In addition to being released as a DVD, the "Making of A Night to Remember" was also released with the feature "A Night to Remember" on CD-ROM. My library has that version of the production. Robert H. Gibbons
>>I am sure someone knowledgeable on this subject will comment in due course.<<
Copyright can be a real minefield. I'm not sure of the status of anything on YouTube. They seem to operate in something of a gray area but I wouldn't take it as a given that what's posted there is legally A-Okay.
When in doubt, the best course is to ask an attorney who is trained and qualified in copyright law. Be mindful of the fact that Encyclopedia Titanica operates under the laws of the United Kingdom as well as any international treaties and agreements the UK is a party to.
It appears that YouTube do not inspect or police the uploadings, and unless they receive a formal complaint from a copyright owner they make no move to remove illegal material. The member who posted the 'Making of' docu has in fact posted his whole Titanic collection, including in their entireties the 1943 German Titanic, the 1953 Hollywood Titanic and 'Raise the Titanic'.
Well, there's no crime in viewing. Just distributing or downloading. A viewer on YouTube isn't infringing on anything. The person who uploaded is the infringer, not the viewer.
So, there's really nothing to beware of unless you plan on downloading them and burning them to disc rather than buying them.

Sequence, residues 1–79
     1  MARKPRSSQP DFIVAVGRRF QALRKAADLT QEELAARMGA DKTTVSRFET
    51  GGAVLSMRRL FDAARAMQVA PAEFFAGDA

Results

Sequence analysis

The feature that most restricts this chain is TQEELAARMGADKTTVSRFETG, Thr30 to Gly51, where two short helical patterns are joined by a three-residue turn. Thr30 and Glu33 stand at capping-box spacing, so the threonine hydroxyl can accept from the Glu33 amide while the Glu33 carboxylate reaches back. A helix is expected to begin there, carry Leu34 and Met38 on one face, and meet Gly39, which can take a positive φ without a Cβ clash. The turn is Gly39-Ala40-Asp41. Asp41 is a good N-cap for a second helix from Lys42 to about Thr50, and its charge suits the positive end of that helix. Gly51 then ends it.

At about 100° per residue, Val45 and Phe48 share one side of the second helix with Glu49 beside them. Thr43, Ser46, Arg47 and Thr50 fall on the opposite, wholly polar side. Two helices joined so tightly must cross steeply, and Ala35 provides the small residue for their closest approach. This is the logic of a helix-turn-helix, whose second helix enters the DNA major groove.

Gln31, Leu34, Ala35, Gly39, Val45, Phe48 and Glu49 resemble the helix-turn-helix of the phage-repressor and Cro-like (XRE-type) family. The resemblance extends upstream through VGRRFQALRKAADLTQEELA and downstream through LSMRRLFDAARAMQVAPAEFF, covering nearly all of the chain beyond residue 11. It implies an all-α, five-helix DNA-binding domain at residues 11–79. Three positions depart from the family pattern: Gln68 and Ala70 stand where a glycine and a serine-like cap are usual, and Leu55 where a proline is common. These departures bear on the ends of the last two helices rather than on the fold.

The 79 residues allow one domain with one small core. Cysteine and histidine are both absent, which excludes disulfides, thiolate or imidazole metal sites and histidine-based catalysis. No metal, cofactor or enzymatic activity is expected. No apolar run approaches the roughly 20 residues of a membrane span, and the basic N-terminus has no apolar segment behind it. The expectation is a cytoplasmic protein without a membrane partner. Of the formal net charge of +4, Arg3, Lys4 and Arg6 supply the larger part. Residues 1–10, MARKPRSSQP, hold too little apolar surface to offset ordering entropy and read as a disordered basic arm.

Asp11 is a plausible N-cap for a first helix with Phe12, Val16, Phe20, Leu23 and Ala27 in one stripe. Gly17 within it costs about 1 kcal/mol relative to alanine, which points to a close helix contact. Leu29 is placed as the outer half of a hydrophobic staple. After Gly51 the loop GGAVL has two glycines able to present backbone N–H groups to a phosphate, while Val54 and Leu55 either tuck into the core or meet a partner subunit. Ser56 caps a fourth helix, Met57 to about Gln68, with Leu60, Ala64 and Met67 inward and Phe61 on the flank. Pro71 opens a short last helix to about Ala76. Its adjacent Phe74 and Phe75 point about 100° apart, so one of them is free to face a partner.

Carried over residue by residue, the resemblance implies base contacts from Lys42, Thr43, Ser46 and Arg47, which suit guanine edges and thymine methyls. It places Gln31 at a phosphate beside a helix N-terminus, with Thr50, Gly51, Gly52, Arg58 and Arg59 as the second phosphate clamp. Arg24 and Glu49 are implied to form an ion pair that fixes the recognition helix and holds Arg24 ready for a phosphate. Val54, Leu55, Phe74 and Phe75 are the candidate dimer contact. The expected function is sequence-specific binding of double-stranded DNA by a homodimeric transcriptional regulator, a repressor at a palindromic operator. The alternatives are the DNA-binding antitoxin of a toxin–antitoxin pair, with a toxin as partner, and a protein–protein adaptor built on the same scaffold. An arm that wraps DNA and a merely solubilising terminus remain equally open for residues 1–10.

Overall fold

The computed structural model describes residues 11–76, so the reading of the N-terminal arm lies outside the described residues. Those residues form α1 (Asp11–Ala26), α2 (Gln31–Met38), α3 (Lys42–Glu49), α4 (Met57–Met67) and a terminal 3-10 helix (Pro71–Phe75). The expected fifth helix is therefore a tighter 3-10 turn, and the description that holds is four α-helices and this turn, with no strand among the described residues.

The material on YouTube is 320x240 pixel dimensions and broken up into 10 minute increments. So, burning to a DVD which uses 720x480 pixel dimensions...you may as well watch it underwater (that wasn't meant as a joke given the subject metter, BTW). If you're THAT determined not to pay for something at that point, have at it.
And...if you're not happy about these films being posted, contact Kino, Fox and whoever "Raise" is held by.
Maybe not, but don't be so sure. There are electronically transcribed books on The Gutenberg Project website which may not be legally accessed or viewed in the United States because of copyright issues and there's no reason to suppose that such laws wouldn't extend to other media as well.
Interesting headlines in some UK newspapers today.
"People who illegally download films and music will be cut off from the Internet under new legislative proposals to be unveiled next week. Internet service providers will be legally required to take action against users who access pirated material". Make sure your wireless system is protected from other users or you could get the blame for their abuse.
Sounds like they're referring more to downloads like someone would do on Kazaa, Limewire or BitTorrent, etc. Either way...yikes! Cut off from the internet completely? People running internet-based home businesses better be especially careful. For some it sounds like it could easily be bye-bye paycheck too. It wouldn't surprise me to see the United States do something like that before too long.
Youtube does seem to operate in a gray area as Mike said, but they're getting more and more negative attention for it all the time. I had put Nacht und Eis back up there earlier today but chose to take it down just to avoid the chance of any problems. I guess it always is better to be safe than sorry.
>>Youtube does seem to operate in a gray area as Mike said, but they're getting more and more negative attention for it all the time.<<
Not just YouTube either but any of the sites that download for MP3's and the like. This has been quite a sore spot for the music recording industry and they're tending to go after just about anyone who downloads stuff, whether they actually download anything or not. They tend to win out through sheer intimidation and the fact that most of the people they go after don't have the deep pockets needed to fight a lawsuit.
If you have anything in your computer from any of these sources, cleaning it out might be a good idea.